We all have experienced bad and nonproductive work meetings. There are those with an unclear purpose and individuals that you don’t actually need them in the discussion. Regardless, it takes time to spend generating new ideas and solve problems. Here is a list of simple rules on how to run an efficient and productive work meeting that is universally applicable.
1. Make it clear who is facilitating the meeting and what it is meant to serve.
In every work meetings, there should be an objective at achieving a specific goal, the person that organised the meeting will decide what everyone should get out of it and how they will achieve it. Organising a meeting without a facilitator can become directionless and unproductive.
2. Determine what type of communication you are going to have based on the objectives and priorities.
If the objective is to have people with different opinions to go through their differences to get a step closer to what is true and what can be done about it (for example an open-minded debate), the meeting should be conducted differently. Discussions are time-consuming, and that time gradually increases depending on the number of participants in the meetings, the organiser has to decide who are the right individuals should be involved in the decision making process.
In any meetings, try to limit the participation to those who can bring value to the objectives. Avoid choosing people that do not bring much value to the meeting such as group-thinkers(people that do not assert independent views) and solo-thinkers(individuals who are unreceptive to the opinions of others).
3. Direct the discussion by being positive and open-minded.
Accommodating various point of view can be challenging and time-consuming. The facilitator needs to balance conflicting perspectives, push through deadlocks and determine how to utilise the time wisely. Exploring the thoughts of people can provide valuable insights into how they manage their responsibilities. It is also the obligation for facilitators to be open-minded in considering whether they are right or not.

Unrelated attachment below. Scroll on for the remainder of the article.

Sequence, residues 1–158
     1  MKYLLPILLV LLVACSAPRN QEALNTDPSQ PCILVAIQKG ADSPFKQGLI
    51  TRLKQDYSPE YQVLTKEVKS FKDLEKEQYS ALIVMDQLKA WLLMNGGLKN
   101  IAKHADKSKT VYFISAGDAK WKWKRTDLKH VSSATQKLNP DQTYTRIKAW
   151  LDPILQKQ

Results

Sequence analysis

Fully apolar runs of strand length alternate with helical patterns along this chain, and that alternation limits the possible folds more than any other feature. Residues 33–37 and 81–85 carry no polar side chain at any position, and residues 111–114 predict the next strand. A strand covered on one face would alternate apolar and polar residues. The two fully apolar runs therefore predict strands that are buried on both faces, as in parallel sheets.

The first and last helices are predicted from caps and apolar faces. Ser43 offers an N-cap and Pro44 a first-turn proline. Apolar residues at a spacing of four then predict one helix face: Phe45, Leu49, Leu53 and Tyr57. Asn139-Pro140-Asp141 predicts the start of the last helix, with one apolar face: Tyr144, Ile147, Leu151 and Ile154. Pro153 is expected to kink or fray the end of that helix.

4. Watch out for “out-of-topic discussions.”
Irrelevant topics can slip into the meeting without gaining any positive outcome from them. To avoid this situation, it is best to monitor the conversation by writing down on a whiteboard so that everyone involved can see the progress.
5. Enforce the logic of conversations
Discussions sometimes can get heated up especially when there is a disagreement. Remain calm and be analytical throughout the meeting, it is more difficult to cool down a logical exchange compared to dealing with an emotional discussion. For example, people will say things like “I feel like(something is true)” and concluded that as a fact whereas other people may read the situation differently. Follow up with, “Is it true?” to ground the conversation in reality.
6. Be cautious not to lose personal responsibility in group decision making.
At times, groups can make a decision to work on something without assigning personal responsibilities, so it is not always clear who is supposed to follow up by doing what. Be sure in assigning personal responsibilities to avoid any misdirections.
7. Adopt the “two-minute rule” to prevent persistent interruptions.
The two-minute rule helps to provide speakers uninterrupted period to explain their thoughts before moving to the next person. This ensures everyone involved has the opportunity to fully communicate their thoughts without concerning they will be misunderstood or overshadowed by other people.
8. Keep an eye out for fast talkers.
Fast talkers can be intentional or unintentional as a way to push their agenda past other people’s objections. It can also be a way to avoid appearing clueless. It is the role of the facilitator to ensure everything that is brought up in the meeting makes sense. If there are people feeling pressured or anxious, advise them to take things slowly to ensure their explanation can be easily digested for everyone in the meeting.
9. Achieve completion in the discussion.
The objective of a discussion is to get everyone to align with the directive which leads to decisions and actions. Discussions that did not reach its purpose will not bring any value to the table. When there is an exchange of ideas, it is important to come up with a solid conclusion. When further actions have been determined, get on the to-do list, assign people to do them and specify the due dates.
What are your key rules in setting up a meeting? Do share them in the comment section down below. Follow us for more daily career insights and new hirings to land your dream job. Head over to Jobstore.com and unveil your next job opportunity.
You Jing is a content writer who writes career and lifestyle contents to inspire job seekers and employers alike on their journey to work-life balance, empowerment and transformation in their career path.
Reach me at firstname.lastname@example.org